Kildare is full of history, with standing stones, stone circles, hill forts, raths, and earthworks of the early settlers. There are a variety of Christian sites, Anglo-Norman mottes, castles, and the estates of the Fitzgeralds, the most powerful family in the 15th century.


Abbeyleix – is an estate town with tree-lined streets, period houses and heritage trails. It is near the 12th Century Cistercian Monastery that gives the town its name.


Adare – is often referred to as “the prettiest village in Ireland”. It is located along the River Maguire. Adare has a wonderful array of traditional thatched cottages. The legacy of Adare is told through enactments and audiovisual presentations.


Kells – (Ceannanas – White Head) is a market town located about 30 miles Northeast of Dublin. The earliest mention of Kells is in the Annals of the Four Masters, when a Dun settlement was built there in 1207 BC. Kells has had a turbulent history of fighting and wars with the native Irish and all the invaders. The Columban monastery was built in the 6th century where the Book of Kells was completed, which is now on display at Trinity College, Dublin. When the Anglo-Normans invaded in the 12th Century, the monastery was forced to cease. Over the centuries the town became walled around the castle. However, none of these structures exist today. Only the building from the earlier monastic city and numerous stone Celtic crosses still stand.

Trim – (Baile Atha Troim – The Ford of the Elder) is located on the banks of the River Boyne 25 miles from Dublin. Trim has a rich history. Many medieval monuments still survive today. The most spectacular, Trim Castle is the largest Norman Castle in Ireland. This was also a location for the filming of Bravehart. World famous archaeological sites include the ancient burial chamber at Newgrange and The Hill of Tara, the seat of the High Kings of Ireland. Now a market town, Tr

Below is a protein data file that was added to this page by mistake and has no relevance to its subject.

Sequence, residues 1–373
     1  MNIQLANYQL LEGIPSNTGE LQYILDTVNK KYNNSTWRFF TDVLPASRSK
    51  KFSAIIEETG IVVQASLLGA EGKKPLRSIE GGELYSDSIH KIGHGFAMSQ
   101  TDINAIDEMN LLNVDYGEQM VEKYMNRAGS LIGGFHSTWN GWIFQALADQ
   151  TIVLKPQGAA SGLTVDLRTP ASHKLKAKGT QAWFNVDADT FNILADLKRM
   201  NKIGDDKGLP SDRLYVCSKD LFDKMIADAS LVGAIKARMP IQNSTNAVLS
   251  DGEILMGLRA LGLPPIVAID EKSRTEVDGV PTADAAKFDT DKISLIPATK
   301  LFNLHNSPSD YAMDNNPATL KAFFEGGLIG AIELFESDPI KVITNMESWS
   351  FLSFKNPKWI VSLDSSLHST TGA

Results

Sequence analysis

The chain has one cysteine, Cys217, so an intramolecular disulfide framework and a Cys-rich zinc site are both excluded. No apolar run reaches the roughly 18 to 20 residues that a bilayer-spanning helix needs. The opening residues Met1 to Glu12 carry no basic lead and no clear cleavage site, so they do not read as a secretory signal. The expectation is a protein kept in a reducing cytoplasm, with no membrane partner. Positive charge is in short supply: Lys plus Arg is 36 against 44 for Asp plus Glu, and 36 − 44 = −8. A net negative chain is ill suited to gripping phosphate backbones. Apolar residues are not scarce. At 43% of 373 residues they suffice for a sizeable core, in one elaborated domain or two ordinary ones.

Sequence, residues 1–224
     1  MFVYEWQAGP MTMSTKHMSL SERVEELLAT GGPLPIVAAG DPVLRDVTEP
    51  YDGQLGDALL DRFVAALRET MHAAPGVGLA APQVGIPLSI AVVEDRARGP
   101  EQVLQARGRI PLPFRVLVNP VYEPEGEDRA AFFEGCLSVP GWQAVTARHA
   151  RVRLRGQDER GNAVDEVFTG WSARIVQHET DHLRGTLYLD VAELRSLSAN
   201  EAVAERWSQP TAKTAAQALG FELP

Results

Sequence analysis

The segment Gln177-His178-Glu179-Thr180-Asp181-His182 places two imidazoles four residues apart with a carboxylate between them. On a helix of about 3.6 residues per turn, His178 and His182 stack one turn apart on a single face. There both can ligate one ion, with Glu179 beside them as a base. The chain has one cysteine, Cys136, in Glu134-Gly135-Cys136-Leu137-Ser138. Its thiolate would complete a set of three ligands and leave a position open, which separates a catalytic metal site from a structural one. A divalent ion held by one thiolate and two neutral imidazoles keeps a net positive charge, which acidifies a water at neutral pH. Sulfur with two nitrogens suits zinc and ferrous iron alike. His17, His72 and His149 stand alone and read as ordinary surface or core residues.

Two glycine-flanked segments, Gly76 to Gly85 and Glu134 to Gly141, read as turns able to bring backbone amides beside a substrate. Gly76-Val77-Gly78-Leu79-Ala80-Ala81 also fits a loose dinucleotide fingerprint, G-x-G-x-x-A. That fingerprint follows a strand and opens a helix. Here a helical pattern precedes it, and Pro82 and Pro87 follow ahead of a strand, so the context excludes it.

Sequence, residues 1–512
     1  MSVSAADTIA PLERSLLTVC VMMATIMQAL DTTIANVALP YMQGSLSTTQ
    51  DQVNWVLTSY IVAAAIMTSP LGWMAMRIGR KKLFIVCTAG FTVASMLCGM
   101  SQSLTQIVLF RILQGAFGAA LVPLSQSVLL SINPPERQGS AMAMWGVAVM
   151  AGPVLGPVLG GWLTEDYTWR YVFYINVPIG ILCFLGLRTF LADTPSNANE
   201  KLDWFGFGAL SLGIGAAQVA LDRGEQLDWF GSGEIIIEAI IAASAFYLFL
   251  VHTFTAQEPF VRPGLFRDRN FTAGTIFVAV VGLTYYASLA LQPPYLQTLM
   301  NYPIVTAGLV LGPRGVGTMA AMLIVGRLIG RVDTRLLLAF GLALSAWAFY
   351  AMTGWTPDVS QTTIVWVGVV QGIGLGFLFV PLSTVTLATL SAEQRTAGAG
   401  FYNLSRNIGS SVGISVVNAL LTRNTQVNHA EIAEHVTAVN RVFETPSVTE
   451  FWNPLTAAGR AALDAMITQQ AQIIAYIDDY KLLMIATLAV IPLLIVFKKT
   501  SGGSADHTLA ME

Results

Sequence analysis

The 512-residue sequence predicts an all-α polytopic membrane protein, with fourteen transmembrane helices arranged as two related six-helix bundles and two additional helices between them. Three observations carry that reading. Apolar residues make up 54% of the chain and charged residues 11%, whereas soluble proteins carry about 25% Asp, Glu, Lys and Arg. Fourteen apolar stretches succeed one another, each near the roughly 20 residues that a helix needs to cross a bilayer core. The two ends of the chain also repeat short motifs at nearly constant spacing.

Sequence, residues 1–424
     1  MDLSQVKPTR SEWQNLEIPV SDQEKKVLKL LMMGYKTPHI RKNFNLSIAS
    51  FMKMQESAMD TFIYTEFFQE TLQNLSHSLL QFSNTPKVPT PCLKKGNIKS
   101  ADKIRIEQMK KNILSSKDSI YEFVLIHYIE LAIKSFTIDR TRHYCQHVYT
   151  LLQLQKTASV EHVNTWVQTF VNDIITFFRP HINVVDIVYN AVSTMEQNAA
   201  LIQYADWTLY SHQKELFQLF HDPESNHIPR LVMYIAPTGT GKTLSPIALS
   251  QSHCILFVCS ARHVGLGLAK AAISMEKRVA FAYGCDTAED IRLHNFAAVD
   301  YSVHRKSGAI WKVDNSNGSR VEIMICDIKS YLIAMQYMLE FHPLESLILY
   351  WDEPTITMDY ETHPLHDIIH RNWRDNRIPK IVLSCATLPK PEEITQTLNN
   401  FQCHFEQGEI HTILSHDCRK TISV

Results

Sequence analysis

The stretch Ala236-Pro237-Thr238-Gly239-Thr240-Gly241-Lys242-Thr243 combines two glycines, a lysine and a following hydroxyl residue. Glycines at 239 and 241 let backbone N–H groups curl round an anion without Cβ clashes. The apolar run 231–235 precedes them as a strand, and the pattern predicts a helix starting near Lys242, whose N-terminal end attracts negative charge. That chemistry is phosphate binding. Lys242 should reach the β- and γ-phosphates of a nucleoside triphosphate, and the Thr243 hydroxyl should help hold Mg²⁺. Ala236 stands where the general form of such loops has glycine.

Westport – (Cathair na Mart – The Stone Fort of the Beeves) is located at the Southwest extremity of Clew Bay. It is the largest costal town in Mayo. Westport was designed in the 18th Century by the English Architect James Watt. Prior to the 18th Century the Irish name was chronicled as Cahernamart. It was the site of an O’Malley castle in the 16th Century. O’Malley being Grace O’Malley, the Pirate Queen of Connaught. Croagh Patrick is located nearby.

This is where St. Patrick is said to have fasted for forty days and forty nights. It is one of the most famous places of religious pilgrimage in the world.

Many excellent beaches and watersports are located in Westport with sailing, yachting, and fishing available. Westport offers locally made knitwear and pottery, and sponsors an Arts Festival each September.


Birr – (Biorra – Spring Wells) is the main town in South Offaly. It is home to the Great Telescope and the Science Centre at Birr Castle. The telescope was the worlds largest for nearly 70 years. Birr Castle Demesne is a Norman fortress and was the seat of the Earls of Rosse for several generations. In addition to the telescope and Science Centre it has magnificent gardens and grounds. A castle has existed on the site since the 12th Century. This region was ruled by the O’Carroll family for three centuries and was once part of ancient Munster.

Tullamore – (Tulach Mhoir – The Big Hill) is in the centre of the Irish Midlands. Tullamore is known world wide for its fine whiskey Tullamore Dew. First distilled in Tullamore in 1829 by Daniel E. Williams. The name of the whiskey comes from the Tullamore town name and Williams’ initials DEW. The whiskey is no longer distilled in Tullamore. However, the Heritage Centre tells the Tullmore Dew story.


Strokestown – (Beal No mBuilli – The Ford of the Blows) is home to Strokestown, an 18th Century mansion. It is most noted for the Famine Museum at Strokestown Park House, which depicts the story of the Great Hunger from1845-1850. The Museum is located in the original stable yards.